Cardinal flower (Lobelia cardinalis) is a fun and gorgeous plant to have to support hummingbirds. Sure I have a nectar feeder, but the real thrill is watching hummingbirds sip from a plant that you put there. It’s also a welcome spot of color during the hot days of summer. Mine are still blooming now.

Migrating monarchs need goldenrod
Goldenrod (Solidago spp.) and boneset (Eupatorium spp.) are happening right now all over roadsides (that haven’t been mowed to oblivion) and the insects are so grateful! These two species are absolute lifesavers during the hot, dry days of late summer, and there are wonderful choices to include in your garden. Read more about the well-behaved species of goldenrod and thoroughwort (aka boneset) that you can be using. And for more year-round pollinator choices, check out this earlier blog of mine.

Hard-working, carefree green stuff: ferns and sedges. Georgia has over 20 native ferns in a variety of shapes and shades of green (read my 2012 blog on ferns for a rundown). There are dozens of sedges (Carex spp.) native to Georgia and some species thrive in dry shade! If you’ve got partial shade and want to do something at least for the moment, check out ferns and sedges. You might just decide you like them for good.

I’ve tried to be general here (e.g., listing “oaks” instead of a specific one); if you’re interested in using some of these plants, find the species most appropriate for you. How to find what species is most appropriate for you? Just follow these steps:

  1. Go to USDA plants database website:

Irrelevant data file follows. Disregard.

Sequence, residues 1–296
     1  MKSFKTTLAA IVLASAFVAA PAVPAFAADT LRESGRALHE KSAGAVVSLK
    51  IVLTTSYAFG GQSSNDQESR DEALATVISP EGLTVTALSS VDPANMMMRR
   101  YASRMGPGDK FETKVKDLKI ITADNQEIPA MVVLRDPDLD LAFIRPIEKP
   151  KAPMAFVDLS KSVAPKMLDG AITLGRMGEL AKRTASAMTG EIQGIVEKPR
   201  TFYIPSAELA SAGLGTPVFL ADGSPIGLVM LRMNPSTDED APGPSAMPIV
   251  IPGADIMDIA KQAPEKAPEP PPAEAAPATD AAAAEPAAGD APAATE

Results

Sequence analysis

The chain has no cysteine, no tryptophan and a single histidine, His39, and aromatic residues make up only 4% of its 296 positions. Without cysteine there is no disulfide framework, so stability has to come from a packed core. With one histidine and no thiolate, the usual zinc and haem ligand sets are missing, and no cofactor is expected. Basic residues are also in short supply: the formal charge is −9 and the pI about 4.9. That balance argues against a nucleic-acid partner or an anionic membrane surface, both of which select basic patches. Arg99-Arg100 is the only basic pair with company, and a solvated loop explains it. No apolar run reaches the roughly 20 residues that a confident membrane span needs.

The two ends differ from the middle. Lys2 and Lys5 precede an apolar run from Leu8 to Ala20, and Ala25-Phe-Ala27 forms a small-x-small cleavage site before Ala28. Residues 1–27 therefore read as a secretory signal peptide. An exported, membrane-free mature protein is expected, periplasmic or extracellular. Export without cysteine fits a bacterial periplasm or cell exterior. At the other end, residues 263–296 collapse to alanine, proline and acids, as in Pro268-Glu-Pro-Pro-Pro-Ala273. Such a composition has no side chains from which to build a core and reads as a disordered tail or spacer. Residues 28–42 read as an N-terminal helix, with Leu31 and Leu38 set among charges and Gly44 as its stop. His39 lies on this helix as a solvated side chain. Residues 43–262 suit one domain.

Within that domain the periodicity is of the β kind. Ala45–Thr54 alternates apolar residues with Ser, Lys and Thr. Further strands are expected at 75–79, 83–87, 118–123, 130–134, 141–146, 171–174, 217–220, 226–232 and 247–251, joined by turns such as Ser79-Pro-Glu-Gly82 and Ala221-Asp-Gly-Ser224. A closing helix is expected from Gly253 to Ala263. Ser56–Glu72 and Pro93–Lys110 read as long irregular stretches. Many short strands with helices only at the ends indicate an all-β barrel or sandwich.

2. Look for the Name Search box in the upper left section. Enter the Latin name for best results and choose the “Scientific Name” below that; click “Go” [We’ll use Quercus for an example.]
  3. In the search results, find the entry that is just the genus, click on that.
  4. Now you should be on the genus page. This page has tabs, choose the “Subordinate Taxa” tab to see all the species and hybrids. Each has a mini-map of its distribution. Click one of the ones that has a presence in your state. [We’ll use Quercus alba as an example of species in Georgia.]
  5. That should bring you to the species page for what you selected. Now you can expand the map (with your fingers on a mobile device, with the mouse on a desktop) and see the county details. Of course this data is only as good as the people who recorded it; for example, Quercus alba is not shown for my county but it definitely is here and has been for a very long time. Alabama looks like it had more thorough reporting.

Sunday, September 16, 2018

Giants in the Garden

Late summer can be a time for bold floral statements, with tall perennials towering over the remains of those that have finished. It’s almost like the garden keeps building on itself, with late summer flowers being the tallest of all. If you’d like to add a little more height to your garden, consider some of these native giants.